Saturday, June 18, 2011

Title-phobic Post

It was bound to happen at some point: Today I can't think of a straight-forward title so I've decided to go meta, hoping that it's straight-forward (and elsuive) in a different manner.

I'm spending my Saturday night in a busy soi (lane) tucked away from the much busier road which intersects the famed MBK supermall and the Bangkok Art and Culture Center. On the other side of the glass, people dodge cars, motorcycles, tuk-tuks and the odd tiny cat to get to wherever they're going. I recognise a lot of the people in Soi Kasemsan, and they're all a little glum. Life is hectic and relentless, and through some laughter breaks up the tedium, people don't look too happy at the end of the day. This is Bangkok. I would prefer to be in Pai, ot at least Chiang Mai.

On a brighter note, this is a good way to get into 'holiday mode' - plenty of rest, the joys of delicious food in abundance, and a room of my own. It's a ridiculously liberating feeling to have a hotel room all to yourself - you can be who you want to be without worrying what the neighours will think of you in the long run, and while that doesn't mean I'm making a lot of noise, it does change my whole behaviour.

Two days ago I had the kind of massage that might pass for a light form of torture in a different context; a Thai man pinched, poked and slapped my neck, back and head for half an hour, and I have a bruise where he pinched too hard on my arm, quite unlovely. I do, however, feel very fetching, as I bought new eyeglasses, and have been getting appreciative looks from a few of the locals.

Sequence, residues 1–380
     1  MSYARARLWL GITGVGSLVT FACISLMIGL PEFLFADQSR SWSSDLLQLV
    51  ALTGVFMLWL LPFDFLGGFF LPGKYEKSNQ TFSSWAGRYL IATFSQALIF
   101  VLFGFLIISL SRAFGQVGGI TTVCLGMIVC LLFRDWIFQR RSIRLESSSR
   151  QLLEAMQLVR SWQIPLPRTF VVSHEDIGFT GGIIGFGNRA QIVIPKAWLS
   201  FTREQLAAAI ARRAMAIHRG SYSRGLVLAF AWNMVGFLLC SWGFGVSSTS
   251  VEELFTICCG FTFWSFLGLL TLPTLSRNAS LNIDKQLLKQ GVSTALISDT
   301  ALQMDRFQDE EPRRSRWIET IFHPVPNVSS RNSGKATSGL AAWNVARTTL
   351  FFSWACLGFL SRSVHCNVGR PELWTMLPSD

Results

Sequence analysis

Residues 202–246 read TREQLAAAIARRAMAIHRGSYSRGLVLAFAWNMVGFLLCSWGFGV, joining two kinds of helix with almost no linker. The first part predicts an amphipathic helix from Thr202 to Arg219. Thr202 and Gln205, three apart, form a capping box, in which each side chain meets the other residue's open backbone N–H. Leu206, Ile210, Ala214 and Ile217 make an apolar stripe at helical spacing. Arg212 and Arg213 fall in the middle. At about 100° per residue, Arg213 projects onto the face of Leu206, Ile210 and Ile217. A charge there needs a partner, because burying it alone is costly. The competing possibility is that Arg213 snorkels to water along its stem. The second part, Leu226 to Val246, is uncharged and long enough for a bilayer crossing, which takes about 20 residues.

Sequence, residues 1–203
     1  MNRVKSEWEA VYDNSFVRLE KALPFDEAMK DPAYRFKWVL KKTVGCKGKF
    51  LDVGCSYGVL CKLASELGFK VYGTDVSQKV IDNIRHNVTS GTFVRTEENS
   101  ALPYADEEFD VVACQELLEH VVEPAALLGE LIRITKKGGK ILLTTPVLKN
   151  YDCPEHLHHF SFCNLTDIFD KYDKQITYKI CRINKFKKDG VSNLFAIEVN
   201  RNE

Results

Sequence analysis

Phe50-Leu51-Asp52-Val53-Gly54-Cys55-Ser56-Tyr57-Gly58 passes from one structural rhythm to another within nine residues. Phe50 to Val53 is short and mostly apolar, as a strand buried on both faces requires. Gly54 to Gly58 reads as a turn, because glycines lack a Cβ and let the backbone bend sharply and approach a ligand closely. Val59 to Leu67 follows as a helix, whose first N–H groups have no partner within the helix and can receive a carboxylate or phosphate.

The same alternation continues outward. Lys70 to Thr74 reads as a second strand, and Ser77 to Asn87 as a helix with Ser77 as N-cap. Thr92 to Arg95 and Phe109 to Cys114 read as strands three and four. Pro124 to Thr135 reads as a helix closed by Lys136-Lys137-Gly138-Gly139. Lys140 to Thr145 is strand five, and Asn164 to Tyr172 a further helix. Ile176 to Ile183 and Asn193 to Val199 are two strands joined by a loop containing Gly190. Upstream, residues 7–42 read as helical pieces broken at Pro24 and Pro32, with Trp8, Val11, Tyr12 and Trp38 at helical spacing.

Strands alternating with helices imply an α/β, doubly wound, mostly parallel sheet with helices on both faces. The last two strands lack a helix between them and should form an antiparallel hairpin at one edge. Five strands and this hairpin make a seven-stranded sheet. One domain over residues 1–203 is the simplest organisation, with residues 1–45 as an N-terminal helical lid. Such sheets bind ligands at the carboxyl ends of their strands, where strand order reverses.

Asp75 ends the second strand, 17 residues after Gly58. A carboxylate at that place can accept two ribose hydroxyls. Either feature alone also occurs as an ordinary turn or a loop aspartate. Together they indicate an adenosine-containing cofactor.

I'm developing a strong interest in the anti-psychiatry movement. Associated with Michel Foucault, R. D. Laing and somebody with the last name of Szasz, these series of discourses destabilise the notion of mental instability/illness. I don't want to say too much because I have a lot of reading to do before I feel confident enough to write a treatise on the subject, but shall we say that it's an unpopular movement which resonaets with me.

Over the last month or two I've been doing a considerable amount of reading:

In Italo Calvino's Invisible Cities, he takes the concept of a city, turns it on its head, contemplates the highs and lows of all possible scenarios, and explores the evolution or entropy of the city-world over time. Perhaps the most compelling sections of the narrative are the ones when Marco Polo breaks up his story-telling to a non-European king and explores the subjectivity of his oral texts. Perhaps it was because the pace of the book wasn't what I wanted to read, I found that the book lacked passion. A very reflective piece that dwells at lenght on details, and asks you to scoop up the words that lace the lines and inspect each of them as jewels. Perhaps, in my busy modern life, I am out of practice of savouring language so deeply. Perhaps I am even spiritually out of touch. I do remember that Calvino was a misogynist - his representations of women were rarely more complex than a fulfillment of an object for male desire. He's a male writer who writes for men, no matter how gifted he is as a narrator.

In Rana Dasgupta's Tokyo Cancelled, magic realism is the rule and an assembly of stories from around the world (Tokyo, Delhi, Istanbul, Germany, Poland, London, New York City, Paris, Shenzhen and more) makes his tale of plane passangers stranded in an airport strangely memorable. A typical Scorpio, the author repeatedly delves into death, birth, sex and rebirth. There's an element of the disturbing in most stories, but at their best they delighted me and left me in admiration of Rana's imagination.

I'm going to have to leave it here for now... hope you're well! :o)

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